If you’ve ever been curious about how some of the bigger mountain bike builders go about making their frames.Take a look behind the curtain of how these great companies make their mountain bike frames. A lot of the steps are similar to smaller builders with some differences from company to company.
Seamless frame tubes are constructed from solid blocks of steel that are pierced and “drawn” into tubes through several stages. These are usually superior to seamed tubes, which are made by drawing flat steel strip stock, wrapping it into a tube, and welding it together along the length of the tube.
Seamless tubes may then be further manipulated to increase their strength and decrease their weight by butting, or altering the thickness of the tube walls. Butting involves increasing the thickness of the walls at the joints, or ends of the tube, where the most stress is delivered, and thinning the walls at the center of the tube, where there is relatively little stress.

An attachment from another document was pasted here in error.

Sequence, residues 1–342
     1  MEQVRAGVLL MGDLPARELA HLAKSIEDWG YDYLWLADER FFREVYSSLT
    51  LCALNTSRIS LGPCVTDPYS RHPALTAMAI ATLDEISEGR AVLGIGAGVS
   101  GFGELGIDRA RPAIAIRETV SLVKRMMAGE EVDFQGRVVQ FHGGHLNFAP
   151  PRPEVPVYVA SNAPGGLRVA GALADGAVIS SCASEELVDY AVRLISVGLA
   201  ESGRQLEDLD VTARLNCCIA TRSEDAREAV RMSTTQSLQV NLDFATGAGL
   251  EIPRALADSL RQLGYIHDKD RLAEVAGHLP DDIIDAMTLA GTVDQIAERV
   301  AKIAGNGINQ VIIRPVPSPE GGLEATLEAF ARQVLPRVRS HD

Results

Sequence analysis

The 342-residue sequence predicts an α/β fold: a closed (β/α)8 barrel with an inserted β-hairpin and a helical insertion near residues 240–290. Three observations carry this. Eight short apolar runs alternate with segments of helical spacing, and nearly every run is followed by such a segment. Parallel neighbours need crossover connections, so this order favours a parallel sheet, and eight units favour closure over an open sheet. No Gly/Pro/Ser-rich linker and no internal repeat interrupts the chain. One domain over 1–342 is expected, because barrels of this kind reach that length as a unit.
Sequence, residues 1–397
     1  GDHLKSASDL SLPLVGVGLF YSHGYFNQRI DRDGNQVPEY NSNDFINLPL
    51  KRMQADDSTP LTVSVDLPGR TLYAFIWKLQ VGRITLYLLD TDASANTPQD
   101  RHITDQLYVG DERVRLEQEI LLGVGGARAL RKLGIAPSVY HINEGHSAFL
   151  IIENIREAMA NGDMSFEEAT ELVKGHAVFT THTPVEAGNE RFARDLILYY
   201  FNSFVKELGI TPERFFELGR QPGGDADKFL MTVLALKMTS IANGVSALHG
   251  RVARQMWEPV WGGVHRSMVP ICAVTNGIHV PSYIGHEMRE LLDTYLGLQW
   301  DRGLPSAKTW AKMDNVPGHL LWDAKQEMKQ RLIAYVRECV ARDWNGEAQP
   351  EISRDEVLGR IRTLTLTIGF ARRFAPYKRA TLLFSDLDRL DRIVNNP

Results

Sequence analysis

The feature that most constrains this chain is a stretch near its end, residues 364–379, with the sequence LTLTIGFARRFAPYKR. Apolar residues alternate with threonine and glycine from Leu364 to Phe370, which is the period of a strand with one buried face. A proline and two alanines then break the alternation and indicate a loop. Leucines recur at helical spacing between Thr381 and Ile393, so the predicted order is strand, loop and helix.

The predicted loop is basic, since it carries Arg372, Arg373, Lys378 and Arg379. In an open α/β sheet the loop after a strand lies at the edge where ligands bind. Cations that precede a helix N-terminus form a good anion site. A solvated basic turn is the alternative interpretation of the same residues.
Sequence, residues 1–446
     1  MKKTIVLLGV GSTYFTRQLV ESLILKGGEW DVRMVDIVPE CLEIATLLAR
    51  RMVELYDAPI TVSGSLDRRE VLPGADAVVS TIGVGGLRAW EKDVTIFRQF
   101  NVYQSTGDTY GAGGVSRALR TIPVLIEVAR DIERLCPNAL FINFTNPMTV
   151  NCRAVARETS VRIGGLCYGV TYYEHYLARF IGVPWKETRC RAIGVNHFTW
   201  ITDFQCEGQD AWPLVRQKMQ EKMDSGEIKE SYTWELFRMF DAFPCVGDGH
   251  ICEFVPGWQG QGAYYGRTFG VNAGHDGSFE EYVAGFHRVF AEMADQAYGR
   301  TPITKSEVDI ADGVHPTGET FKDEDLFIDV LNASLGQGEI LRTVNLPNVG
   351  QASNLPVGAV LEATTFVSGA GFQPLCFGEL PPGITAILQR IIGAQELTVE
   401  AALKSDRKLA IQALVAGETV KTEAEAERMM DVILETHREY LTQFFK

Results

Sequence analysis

Butted tubing also improves the resiliency of the frame. Butted tubes may be single-butted, with one end thicker; double-butted, with both ends thicker than the center; triple-butted, with different thicknesses at either end; and quad-butted, similar to a triple, but with the center thinning towards the middle. Constant thickness tubes, however, are also appropriate for certain bikes.
The tubes are assembled into a frame by hand-brazing or welding by machine, the former being a more labor-intensive process and therefore more expensive. Composites may be joined with strong glue or plastic binders. The components are generally manufactured by machine and may be attached to the frame by hand or machine. Final adjustments are made by skilled bicycle builders.